ASSETS
 
 
 


Welcome to the ASSETS site, built in cooperation between NOAA  and IMAR . ASSETS stands for Assessment of Estuarine Trophic Status, and builds on the U.S. National Estuarine Eutrophication Assessment (NEEA) developed by NOAA.

All users have access to information about the approach used in ASSETS, and to the results obtained for the various estuaries.

Additionally, there is an area for data input which is restricted to authorized users.

Right: eutro.org hits in '08. 42% are return visitors

Breaking news

Apply ASSETS to your local system. The ASSETS application is available for download here. It is free, and available in five languages, including Chinese, reaching a language universe of over two billion people.

Listen to the recent podcast by Nancy Rabalais, Executive Director of the Louisiana Universities Marine Consortium, on hypoxia in the Gulf of Mexico.

Listen to the recent podcast from NCCOS Diving Deeper: Eutrophication? Released January 2009.

 The original US NEEA study has recently been updated. Visit the update site

Two definitions of eutrophication

From an update workshop on the US National Estuarine Eutrophication Assessment

Eutrophication is a natural process by which productivity of a water body, as measured by organic matter, increases as a result of increasing nutrient inputs. These inputs are a result of natural processes but in recent decades they have been greatly supplemented by various human related activities. Cultural eutrophication, or nutrient overenrichment, is the enhanced accumulation of organic matter, particularly algae, that is caused by human related increases in the amount and composition of nutrients being discharged to the water body. A variety of impacts may result, including nuisance and toxic algal blooms, depleted dissolved oxygen, and loss of submerged aquatic vegetation and benthic fauna. These impacts are interrelated and usually viewed as having a negative effect on water quality, ecosystem health, and human uses. Management concerns should address the human, or cultural, portion of nutrient additions insofar as the additions are detrimental to the environment.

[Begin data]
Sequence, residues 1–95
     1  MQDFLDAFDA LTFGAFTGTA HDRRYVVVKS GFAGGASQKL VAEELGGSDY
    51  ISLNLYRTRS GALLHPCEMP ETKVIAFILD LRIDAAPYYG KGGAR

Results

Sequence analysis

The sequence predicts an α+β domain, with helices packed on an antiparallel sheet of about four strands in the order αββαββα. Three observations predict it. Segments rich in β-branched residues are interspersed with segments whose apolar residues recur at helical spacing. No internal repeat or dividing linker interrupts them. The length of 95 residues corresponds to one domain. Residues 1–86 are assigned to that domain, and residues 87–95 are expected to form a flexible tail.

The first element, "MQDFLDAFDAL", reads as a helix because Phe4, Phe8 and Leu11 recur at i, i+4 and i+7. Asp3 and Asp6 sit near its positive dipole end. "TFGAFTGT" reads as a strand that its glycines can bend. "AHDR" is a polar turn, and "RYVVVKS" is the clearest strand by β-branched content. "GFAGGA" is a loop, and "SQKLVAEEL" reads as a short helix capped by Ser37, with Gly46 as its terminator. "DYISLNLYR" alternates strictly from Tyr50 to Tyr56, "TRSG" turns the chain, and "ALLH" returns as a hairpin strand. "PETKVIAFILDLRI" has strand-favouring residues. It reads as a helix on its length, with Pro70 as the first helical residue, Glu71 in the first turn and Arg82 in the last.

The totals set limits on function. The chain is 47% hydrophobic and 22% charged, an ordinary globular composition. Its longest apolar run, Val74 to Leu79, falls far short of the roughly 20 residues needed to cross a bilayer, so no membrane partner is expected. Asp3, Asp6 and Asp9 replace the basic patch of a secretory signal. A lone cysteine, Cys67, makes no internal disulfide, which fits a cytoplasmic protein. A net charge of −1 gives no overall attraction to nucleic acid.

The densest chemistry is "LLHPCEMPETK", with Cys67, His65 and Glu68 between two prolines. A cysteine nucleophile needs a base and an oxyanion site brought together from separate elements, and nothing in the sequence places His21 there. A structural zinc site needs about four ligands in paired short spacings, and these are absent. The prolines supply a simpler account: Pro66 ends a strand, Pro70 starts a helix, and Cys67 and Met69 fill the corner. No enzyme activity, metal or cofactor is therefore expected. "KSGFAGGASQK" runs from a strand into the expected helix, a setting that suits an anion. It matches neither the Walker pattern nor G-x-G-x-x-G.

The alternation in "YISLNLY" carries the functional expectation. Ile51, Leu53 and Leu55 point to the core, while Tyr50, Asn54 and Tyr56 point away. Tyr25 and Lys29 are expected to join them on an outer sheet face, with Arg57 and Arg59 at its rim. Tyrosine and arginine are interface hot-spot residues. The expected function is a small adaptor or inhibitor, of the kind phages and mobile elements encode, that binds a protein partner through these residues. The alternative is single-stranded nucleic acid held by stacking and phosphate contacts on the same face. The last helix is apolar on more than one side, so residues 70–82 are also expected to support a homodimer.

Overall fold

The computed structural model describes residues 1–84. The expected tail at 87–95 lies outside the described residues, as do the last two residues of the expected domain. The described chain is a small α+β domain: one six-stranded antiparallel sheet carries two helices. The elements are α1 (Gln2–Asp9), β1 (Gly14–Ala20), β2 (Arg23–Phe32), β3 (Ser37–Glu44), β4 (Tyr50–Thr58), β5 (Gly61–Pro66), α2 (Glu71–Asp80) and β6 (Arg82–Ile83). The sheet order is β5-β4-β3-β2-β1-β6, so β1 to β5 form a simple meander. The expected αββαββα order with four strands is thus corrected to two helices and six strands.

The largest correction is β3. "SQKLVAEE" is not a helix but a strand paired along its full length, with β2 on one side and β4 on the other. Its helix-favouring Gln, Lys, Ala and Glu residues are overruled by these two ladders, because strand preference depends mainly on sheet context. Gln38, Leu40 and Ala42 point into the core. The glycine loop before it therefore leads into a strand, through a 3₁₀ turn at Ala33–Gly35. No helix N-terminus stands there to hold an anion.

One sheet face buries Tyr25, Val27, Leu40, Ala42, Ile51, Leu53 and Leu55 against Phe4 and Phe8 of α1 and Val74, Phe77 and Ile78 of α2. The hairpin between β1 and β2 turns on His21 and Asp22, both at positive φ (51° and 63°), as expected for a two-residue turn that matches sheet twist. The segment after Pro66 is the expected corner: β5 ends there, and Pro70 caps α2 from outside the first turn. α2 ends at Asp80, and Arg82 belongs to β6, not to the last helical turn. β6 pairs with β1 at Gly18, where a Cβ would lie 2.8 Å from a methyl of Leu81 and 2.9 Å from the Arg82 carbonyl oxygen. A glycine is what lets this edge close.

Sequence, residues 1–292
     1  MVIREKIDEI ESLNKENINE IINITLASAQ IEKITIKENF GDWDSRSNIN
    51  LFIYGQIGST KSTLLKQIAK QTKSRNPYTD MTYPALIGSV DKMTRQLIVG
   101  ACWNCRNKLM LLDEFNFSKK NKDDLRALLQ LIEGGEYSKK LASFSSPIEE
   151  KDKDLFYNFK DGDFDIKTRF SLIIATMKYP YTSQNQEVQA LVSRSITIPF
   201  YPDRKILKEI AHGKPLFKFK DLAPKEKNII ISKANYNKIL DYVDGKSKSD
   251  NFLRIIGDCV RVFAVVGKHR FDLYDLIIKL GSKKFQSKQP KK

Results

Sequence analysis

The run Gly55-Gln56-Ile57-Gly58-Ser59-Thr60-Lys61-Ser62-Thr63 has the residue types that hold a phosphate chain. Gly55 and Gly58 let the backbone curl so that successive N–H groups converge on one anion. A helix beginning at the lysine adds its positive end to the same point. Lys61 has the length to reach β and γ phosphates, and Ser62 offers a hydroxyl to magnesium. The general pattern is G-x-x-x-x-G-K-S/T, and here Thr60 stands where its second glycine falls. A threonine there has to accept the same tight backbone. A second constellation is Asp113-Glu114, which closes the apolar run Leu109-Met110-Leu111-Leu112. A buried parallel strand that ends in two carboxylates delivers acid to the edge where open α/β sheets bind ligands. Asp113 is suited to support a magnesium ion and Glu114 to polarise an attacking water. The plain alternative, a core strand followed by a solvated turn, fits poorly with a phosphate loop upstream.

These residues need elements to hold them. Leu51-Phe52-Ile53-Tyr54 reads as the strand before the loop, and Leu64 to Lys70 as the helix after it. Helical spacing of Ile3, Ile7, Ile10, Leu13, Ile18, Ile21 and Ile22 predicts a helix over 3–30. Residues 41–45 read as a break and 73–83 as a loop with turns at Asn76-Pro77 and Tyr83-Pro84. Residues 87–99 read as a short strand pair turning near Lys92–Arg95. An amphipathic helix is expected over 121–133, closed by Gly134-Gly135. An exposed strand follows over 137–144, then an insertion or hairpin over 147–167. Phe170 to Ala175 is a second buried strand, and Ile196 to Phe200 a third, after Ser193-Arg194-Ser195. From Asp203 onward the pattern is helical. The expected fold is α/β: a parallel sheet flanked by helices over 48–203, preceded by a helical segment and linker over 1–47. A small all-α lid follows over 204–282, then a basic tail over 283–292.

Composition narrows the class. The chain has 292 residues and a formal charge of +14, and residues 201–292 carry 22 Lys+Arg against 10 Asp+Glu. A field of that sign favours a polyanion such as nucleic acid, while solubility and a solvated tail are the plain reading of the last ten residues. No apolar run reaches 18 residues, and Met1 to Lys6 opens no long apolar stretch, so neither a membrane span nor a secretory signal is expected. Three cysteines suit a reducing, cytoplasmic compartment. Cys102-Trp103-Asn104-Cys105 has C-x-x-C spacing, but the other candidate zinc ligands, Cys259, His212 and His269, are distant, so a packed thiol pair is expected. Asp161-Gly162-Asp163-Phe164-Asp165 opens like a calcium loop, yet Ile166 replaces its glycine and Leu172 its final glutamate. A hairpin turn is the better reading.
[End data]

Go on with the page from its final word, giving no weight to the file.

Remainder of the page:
From the original US National Estuarine Eutrophication Assessment study

Eutrophication refers to a process in which the addition of nutrients to water bodies stimulates algal growth. In recent decades, human activities have greatly accelerated nutrient inputs, causing the excessive growth of algae and leading to degraded water quality and associated impairments of estuarine resources for human use.

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